1971 to 2006
Homeownership increased quickly with the age of the owners in the period before they reached the age of 40. Thereafter, homeownership continued to climb, though at a slower pace until it reached a plateau as owners neared retirement age.
The homeownership rate changed little in the early years of retirement, but started declining when people reached their late 70s. Thus, the majority of seniors continued to receive services associated with homeownership for more than 10 years after the age of 65.
This study, based on data from censuses of population conducted between 1971 and 2006, showed a strong consistency in the age profile of homeownership across generations of Canadians.
It found that the level at which homeownership plateaued has risen steadily across birth cohorts since the 1970s. The peak level of ownership increased from 73% for those born in the 1910s to 78% for those born during the Second World War.
This trend appears to be continuing as the early baby boomer group, those born in the late 1940s and early 1950s, achieved higher ownership rates before age 60 than had earlier generations.
Family income has been closely related to both the level of homeownership and the increase in homeownership since 1971. There was a substantial difference in homeownership across income quintiles throughout the period.
This difference increased over time, as a result of the fact that the homeownership rate declined for the lowest-income group but rose for higher-income groups.
Families with children were the most likely group to own a home in 1971. This trend continued into 2006. However, the difference with other groups in this respect has declined over time.
The likelihood of homeownership increased at a greater rate for couples without children and for non-family individuals over this period. The proportion of these two groups in the overall population also increased over this period. These two groups still were less likely to own a home than were couples with children. However, the increase in the ownership rates of these two groups offset the effect of the shifting composition of the overall population to the two groups with lower ownership rates.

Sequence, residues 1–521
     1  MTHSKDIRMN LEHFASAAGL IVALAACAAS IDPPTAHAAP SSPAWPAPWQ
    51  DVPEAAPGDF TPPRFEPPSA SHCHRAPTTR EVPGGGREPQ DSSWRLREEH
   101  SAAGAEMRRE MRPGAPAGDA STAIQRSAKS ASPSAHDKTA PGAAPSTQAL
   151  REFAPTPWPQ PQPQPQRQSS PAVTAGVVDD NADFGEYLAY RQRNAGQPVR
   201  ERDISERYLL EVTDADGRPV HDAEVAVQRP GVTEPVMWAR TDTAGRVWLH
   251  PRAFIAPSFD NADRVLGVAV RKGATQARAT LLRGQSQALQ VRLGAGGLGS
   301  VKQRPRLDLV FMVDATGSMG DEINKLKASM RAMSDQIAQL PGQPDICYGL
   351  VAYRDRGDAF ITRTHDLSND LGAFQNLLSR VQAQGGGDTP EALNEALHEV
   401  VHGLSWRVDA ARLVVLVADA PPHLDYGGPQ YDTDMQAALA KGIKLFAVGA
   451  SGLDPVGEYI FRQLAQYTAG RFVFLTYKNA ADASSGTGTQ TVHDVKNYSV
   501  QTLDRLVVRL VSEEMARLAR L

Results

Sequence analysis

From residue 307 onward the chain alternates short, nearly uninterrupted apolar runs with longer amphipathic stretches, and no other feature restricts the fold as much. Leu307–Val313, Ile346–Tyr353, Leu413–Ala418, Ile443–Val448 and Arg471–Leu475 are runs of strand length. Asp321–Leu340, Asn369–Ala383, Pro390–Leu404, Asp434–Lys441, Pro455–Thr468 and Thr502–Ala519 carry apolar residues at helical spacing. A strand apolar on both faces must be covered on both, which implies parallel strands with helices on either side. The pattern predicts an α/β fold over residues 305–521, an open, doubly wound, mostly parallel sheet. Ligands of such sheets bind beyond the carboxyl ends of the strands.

Owned homes provide shelter and associated local amenities for both owners and non-owners in the same household. Young adults in their 20s and 30s, particular young men, tend to benefit the most from the housing services that derive from homes owned by others, in most cases, their parents. The tendency of adult children to remain living with their parents has increased over the last three decades.
Note: This study uses data from eight censuses between 1971 and 2006 to examine the extent to which Canadians of different ages, incomes, and family structures (including couples with and without children) acquire and retain homeownership, particularly after the age of 65.
This release uses the term “homeowners” rather than the formal census terminology of “household maintainers”. The “household maintainer” variable was used in this study as it is the best available measure of homeownership though in some instances the owner of the dwelling may not be the household maintainer. For example, where adult children are living with their parents, it is possible that the children are the maintainers, but not the owners.
Definitions, data sources and methods: survey number 3901.
The research paper “Homeownership over the Life Course of Canadians: Evidence from Canadian Censuses of Population,” part of Analytical Studies Research Paper Series (11F0019M2010325 free), is now available from the Key resource module of our website under Publications.
Similar studies from the Social Analysis division are available at (www.statcan.gc.ca/socialanalysis).
For more information, or to enquire about the concepts, methods or data quality of this release, contact Feng Hou (613-951-4337; email@example.com), Social Analysis Division.